Remittances can be seen as insurance products. The poor face much higher risks in terms of health and other unforeseen events (e.g., losing one’s home and job) which current savings strategies and available financial products cannot mitigate. However, they do try to do as much as they can. Yet no matter the effort made in saving, these amounts are often gone or measly compared to what is needed in times of difficulties. Because the poor are unable to pay insurance premiums at regular times, remittances can combat this wherein when there is a decline or shock in the income of the recipient household, there is a corresponding increase in remittances, operating fundamentally as an insurance policy (Yang & Choi 2007).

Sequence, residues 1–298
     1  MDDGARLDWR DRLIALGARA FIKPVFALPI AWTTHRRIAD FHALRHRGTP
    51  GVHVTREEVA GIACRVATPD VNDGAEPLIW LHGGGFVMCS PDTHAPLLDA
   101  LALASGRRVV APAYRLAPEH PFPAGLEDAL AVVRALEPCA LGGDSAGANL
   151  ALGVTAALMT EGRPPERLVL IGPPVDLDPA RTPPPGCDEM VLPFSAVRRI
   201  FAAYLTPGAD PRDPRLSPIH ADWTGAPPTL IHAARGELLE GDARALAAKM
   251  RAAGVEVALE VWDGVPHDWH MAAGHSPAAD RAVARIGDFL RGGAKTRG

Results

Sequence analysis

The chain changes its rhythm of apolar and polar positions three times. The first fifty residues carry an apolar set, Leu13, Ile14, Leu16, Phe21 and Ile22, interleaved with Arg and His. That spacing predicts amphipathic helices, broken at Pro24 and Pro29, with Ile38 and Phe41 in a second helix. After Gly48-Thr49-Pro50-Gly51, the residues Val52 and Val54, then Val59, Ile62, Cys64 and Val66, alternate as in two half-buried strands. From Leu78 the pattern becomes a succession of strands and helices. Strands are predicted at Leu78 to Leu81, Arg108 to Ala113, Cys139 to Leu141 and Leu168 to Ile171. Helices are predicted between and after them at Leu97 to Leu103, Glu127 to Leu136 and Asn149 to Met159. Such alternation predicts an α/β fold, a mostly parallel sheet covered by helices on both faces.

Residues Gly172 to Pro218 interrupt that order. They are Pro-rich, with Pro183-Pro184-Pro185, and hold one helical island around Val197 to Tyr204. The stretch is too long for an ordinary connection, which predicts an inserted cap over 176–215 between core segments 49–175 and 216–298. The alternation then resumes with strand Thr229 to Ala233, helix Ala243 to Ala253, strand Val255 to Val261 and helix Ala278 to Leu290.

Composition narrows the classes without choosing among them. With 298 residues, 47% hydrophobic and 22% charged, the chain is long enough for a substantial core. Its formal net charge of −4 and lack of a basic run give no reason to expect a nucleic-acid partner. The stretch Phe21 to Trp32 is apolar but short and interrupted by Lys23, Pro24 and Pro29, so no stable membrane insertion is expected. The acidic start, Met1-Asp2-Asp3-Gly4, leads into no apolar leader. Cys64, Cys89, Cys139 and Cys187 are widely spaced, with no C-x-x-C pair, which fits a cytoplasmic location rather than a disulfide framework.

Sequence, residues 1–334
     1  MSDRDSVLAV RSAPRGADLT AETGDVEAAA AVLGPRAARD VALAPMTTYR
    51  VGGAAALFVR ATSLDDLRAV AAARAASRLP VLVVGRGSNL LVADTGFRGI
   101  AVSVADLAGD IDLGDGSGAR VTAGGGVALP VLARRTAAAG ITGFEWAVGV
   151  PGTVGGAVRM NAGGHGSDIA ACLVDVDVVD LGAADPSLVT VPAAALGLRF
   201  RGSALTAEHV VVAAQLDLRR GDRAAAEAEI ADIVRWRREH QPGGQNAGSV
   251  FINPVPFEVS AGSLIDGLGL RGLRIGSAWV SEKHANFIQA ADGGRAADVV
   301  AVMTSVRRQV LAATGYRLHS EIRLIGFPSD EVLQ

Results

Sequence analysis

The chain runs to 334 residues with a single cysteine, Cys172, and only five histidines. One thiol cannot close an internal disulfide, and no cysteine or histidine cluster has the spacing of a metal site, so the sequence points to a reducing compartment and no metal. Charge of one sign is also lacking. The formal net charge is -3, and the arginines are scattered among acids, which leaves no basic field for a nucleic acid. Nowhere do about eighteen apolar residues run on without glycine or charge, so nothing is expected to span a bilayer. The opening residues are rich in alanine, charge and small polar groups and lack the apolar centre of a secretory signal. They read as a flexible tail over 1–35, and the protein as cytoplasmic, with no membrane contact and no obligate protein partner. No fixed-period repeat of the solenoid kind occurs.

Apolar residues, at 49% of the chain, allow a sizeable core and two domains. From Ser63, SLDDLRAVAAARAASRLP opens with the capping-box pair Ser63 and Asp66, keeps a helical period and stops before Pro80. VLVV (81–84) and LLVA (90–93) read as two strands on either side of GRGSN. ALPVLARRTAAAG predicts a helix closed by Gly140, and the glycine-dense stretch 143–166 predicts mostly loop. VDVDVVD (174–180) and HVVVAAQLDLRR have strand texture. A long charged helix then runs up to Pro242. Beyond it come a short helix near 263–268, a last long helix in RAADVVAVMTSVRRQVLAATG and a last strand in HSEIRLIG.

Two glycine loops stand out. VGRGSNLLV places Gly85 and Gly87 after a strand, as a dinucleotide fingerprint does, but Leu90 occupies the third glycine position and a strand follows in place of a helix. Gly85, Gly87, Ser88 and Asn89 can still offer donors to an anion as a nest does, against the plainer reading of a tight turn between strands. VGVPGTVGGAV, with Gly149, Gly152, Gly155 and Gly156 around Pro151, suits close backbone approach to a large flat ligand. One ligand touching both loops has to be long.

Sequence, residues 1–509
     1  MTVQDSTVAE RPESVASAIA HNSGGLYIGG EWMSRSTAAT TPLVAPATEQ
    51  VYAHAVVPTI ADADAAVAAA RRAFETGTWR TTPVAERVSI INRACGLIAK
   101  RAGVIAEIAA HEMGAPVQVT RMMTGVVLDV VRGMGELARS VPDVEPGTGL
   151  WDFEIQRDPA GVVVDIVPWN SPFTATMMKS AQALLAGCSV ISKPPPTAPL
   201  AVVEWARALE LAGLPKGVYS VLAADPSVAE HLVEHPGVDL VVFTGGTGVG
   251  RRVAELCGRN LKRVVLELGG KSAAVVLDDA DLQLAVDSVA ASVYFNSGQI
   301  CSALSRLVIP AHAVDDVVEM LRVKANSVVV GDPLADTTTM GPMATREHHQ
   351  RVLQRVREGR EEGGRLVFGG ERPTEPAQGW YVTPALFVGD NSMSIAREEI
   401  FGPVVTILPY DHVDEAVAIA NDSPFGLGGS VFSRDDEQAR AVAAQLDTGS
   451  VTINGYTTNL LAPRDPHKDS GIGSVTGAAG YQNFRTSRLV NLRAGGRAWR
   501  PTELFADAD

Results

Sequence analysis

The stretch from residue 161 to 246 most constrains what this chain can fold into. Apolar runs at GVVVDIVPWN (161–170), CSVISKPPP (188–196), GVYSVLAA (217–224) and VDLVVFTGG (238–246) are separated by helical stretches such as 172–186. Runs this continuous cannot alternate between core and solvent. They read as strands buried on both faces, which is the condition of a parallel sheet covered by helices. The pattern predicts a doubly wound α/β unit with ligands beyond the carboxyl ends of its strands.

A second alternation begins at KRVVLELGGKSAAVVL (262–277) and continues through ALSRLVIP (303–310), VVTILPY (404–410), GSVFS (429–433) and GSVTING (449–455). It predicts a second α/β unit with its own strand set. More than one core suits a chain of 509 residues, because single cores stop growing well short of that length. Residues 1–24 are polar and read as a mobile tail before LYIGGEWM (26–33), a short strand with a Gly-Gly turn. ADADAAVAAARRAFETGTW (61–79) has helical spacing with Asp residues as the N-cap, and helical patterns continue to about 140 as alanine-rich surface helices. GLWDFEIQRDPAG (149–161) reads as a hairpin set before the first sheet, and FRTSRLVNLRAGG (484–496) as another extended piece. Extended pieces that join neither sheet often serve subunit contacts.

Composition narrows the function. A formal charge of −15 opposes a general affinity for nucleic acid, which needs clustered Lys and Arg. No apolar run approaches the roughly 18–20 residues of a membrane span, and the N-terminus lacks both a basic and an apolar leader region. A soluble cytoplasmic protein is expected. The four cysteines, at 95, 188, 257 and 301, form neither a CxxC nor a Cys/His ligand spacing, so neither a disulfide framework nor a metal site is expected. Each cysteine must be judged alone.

Usage of remittances are mainly for education, repaying debt, and savings. Based on several studies in the Philippine context, including government-wide surveys, we have clearer insight as to how migrant families use their increased incomes when they have remittances. The Bangko Sentral releases consumer expectations survey every quarter and while the numbers fluctuate, generally, more than 90% use remittances to purchase food, around 70% use the funds partly for education, 65% for medical expenses, 50% for debt repayments, and a little less than 50% used them for savings. The top three allocations were food, followed by rent, and then education. These numbers are relevant in telling us the hierarchy of what the money is being used for. Several other studies have illustrated that whereas most households used remittances for food, having additional income negatively influences the share of food consumption in total expenditure and thus allow them to spend for other things. The fact that education features so strongly is important: the poor believe in education, and yet must supplement food expenditures — illustrates how households have a long way to go in being self-sufficient.